L. Bini Smaghi: Is the ECB at risk of becoming an underachiever?

Over the past eight years the European Central Bank has systematically failed to achieve its primary objective of price stability, defined as a rate of inflation “below but close to 2%”. This has raised several criticisms of the monetary policy implemented by the ECB. The new ECB President, Christine Lagarde, who took office on 1 November 2019, decided to launch a comprehensive review of the monetary strategy, to be conducted in the course of 2020.

One of the issues that is likely to be debated in this context is the definition of price stability that the ECB sets for itself. At the start of monetary union, in 1999, the ECB defined price stability as a rate of inflation “below 2%”. The issue was revisited in 2003, when the definition was clarified to be a rate of inflation “below but close to 2%”, to address potential deflationary risks.

The debate around the strategic review has already started. Some observers, including central bankers, proposed to keep the definition of price stability unchanged, at 2% or slightly below, but to allow for some flexibility by adopting a range, for instance 1-3%. A range would have the advantage of providing the central bank with more time to reach its target, thus avoiding the adoption of measures that could have undesired collateral effects. It would also allow for structural factors and unexpected shocks – such as globalization, demographics or technology - to be duly accounted for.

A change in the inflation target would, however, have important consequences for the accountability of the ECB. It could also affect its independence, given that any persistent and unexpected fluctuations of the inflation rate within the range would have distributional effects, in particular between creditors and debtors. It would also impact the functioning of financial markets by making the anchoring of inflation expectations – and thus the formation of asset prices – even more complex. Doubts would also be raised about the time-consistency of setting a target range if the central bank did not have the same incentive to tolerate inflation in the upper range compared to the lower one.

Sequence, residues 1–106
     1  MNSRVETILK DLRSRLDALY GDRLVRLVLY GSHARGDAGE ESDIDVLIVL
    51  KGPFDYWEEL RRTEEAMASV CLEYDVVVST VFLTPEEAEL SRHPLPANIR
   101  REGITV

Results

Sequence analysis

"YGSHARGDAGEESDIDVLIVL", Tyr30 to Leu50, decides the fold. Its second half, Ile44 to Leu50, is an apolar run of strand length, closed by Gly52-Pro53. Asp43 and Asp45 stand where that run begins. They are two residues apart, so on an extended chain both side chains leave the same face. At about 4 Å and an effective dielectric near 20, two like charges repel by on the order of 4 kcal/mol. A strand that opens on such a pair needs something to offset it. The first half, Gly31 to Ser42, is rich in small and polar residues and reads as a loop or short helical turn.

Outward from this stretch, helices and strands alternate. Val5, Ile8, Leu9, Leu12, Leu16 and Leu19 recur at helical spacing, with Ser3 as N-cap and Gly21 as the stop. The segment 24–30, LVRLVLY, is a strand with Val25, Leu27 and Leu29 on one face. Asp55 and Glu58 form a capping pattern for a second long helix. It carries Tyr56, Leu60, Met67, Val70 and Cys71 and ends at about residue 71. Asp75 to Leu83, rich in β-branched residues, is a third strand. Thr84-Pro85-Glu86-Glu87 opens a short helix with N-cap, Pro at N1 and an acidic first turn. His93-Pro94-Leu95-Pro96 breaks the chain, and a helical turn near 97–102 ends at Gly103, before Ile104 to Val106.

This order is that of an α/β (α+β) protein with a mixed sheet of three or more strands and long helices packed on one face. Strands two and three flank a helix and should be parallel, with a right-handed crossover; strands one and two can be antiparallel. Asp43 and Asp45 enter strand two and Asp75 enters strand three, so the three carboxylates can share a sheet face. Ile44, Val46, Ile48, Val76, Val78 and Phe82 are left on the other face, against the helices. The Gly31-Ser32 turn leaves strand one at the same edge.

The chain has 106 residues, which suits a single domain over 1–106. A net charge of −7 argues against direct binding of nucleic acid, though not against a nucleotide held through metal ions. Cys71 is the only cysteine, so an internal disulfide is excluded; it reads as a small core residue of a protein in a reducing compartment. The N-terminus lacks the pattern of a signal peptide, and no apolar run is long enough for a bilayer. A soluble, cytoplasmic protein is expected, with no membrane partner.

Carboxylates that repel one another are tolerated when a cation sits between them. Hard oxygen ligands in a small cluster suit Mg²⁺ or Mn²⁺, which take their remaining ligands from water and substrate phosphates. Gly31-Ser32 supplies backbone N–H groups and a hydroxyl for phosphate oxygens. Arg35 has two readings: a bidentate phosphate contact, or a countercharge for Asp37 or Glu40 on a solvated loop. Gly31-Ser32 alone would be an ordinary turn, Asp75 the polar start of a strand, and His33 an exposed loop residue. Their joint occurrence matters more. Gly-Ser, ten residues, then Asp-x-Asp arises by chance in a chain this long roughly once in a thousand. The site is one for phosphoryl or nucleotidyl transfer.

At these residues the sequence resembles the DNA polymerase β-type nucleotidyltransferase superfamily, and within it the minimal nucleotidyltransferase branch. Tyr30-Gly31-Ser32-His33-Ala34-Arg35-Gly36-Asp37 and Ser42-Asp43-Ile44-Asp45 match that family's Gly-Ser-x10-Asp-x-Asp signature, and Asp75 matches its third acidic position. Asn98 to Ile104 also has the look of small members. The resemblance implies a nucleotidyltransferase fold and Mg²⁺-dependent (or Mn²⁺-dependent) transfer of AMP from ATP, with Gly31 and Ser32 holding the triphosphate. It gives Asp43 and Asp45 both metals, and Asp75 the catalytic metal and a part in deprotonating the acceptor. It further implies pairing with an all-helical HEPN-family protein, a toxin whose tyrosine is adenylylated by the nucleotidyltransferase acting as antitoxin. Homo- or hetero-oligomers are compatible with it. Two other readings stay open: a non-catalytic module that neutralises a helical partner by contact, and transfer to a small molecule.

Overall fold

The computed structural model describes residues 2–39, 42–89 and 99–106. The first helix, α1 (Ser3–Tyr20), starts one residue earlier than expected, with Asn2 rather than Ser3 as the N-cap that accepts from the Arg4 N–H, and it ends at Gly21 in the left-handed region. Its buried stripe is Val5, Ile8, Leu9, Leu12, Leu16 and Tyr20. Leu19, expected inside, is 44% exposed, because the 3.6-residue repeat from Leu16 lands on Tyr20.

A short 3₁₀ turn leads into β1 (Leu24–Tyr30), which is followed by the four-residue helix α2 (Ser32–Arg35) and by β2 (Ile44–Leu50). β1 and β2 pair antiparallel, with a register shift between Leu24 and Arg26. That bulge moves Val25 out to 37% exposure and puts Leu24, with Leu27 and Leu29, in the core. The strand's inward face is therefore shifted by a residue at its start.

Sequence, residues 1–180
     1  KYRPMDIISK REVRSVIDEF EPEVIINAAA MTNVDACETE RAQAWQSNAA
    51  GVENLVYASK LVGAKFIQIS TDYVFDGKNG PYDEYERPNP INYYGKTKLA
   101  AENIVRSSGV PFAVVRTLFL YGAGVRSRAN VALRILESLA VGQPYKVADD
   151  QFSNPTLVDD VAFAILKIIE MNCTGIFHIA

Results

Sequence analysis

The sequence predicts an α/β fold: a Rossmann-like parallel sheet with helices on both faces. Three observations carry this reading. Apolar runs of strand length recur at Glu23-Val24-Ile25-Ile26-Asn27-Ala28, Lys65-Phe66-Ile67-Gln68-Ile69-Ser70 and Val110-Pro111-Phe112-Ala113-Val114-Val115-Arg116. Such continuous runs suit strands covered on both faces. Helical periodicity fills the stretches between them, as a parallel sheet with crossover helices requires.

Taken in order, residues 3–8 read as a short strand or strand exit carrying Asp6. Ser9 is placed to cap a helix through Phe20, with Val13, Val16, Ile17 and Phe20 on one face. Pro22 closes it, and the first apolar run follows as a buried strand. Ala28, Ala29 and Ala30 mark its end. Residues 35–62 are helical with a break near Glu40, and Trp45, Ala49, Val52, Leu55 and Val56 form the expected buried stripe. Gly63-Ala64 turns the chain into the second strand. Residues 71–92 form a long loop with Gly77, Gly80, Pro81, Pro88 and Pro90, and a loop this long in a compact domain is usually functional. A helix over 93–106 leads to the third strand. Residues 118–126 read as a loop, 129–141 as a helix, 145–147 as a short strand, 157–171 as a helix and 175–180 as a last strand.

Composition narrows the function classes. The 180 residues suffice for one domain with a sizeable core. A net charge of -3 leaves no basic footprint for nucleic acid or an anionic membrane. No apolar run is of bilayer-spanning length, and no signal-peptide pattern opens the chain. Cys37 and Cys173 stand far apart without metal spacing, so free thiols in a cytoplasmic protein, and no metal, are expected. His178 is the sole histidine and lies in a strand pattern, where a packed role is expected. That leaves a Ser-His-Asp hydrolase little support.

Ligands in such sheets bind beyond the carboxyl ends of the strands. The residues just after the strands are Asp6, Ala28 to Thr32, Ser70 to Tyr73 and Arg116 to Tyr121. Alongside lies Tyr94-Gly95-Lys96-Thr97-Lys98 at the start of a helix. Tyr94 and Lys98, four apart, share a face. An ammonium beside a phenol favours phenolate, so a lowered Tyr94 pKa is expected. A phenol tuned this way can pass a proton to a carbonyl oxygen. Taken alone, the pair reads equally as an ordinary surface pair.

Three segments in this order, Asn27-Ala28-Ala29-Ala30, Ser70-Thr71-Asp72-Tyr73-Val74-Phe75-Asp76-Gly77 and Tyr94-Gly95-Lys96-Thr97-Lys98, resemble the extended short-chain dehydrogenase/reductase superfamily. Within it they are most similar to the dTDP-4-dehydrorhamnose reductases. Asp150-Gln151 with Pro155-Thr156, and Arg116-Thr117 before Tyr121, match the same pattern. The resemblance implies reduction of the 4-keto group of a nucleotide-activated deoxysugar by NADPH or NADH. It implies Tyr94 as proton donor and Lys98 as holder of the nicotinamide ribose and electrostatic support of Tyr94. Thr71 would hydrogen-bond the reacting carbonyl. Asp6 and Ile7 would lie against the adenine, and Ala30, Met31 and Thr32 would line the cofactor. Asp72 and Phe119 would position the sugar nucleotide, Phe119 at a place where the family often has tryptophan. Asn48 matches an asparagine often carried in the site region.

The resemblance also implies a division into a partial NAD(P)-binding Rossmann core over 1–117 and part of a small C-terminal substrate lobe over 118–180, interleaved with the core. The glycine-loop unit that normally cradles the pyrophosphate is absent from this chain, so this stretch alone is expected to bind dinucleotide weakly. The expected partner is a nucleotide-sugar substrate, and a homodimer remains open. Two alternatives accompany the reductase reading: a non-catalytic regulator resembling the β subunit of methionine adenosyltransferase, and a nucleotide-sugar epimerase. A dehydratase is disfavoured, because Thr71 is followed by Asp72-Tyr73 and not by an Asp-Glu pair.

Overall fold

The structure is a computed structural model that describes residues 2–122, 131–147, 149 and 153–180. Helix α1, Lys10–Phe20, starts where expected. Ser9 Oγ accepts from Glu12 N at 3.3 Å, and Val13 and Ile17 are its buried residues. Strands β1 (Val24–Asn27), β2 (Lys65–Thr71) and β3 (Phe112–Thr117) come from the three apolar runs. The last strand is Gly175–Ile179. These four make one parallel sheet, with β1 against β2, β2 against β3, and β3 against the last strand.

In any case, before even addressing the pros and cons of such a proposal and considering possible changes in the strategy, there is a need first to understand the reasons why the ECB was not able to reach the prevailing target. A preliminary question that needs to be answered is whether the measures adopted by the ECB over the recent years were consistent with the aim to achieve an inflation rate below but close to 2%. Indeed, any change in the strategy would require that the hypothesis according to which the ECB might not have done whatever was needed to achieve its price stability objective be first rejected.

The hypothesis is pertinent since the ECB performed worse than the other major central banks. The cumulated deviation from the 2% inflation target during the 2013-19 period amounted to 7 percentage points, against 2 for the Federal Reserve, the Bank of Canada and the Bank of England. Among the major central banks only the Bank of Japan performed slightly worse.

This note presents evidence suggesting that the hypothesis according to which the ECB might not have done whatever was needed to achieve its price stability objective cannot be easily rejected and needs to be considered carefully. The evidence is based on a relatively simple set of indicators. The intention is to stimulate a more thorough analysis of the policies that have been implemented in recent years. Counterfactual policy analysis is obviously very complex. However, it is interesting to note that while several authors – including those within the ECB - have concentrated their efforts on assessing what would have happened to growth and inflation had monetary policy been less expansionary, there is yet little work on the opposite scenario, i.e. of what would have happened if monetary policy had been more expansionary in a more timely way.

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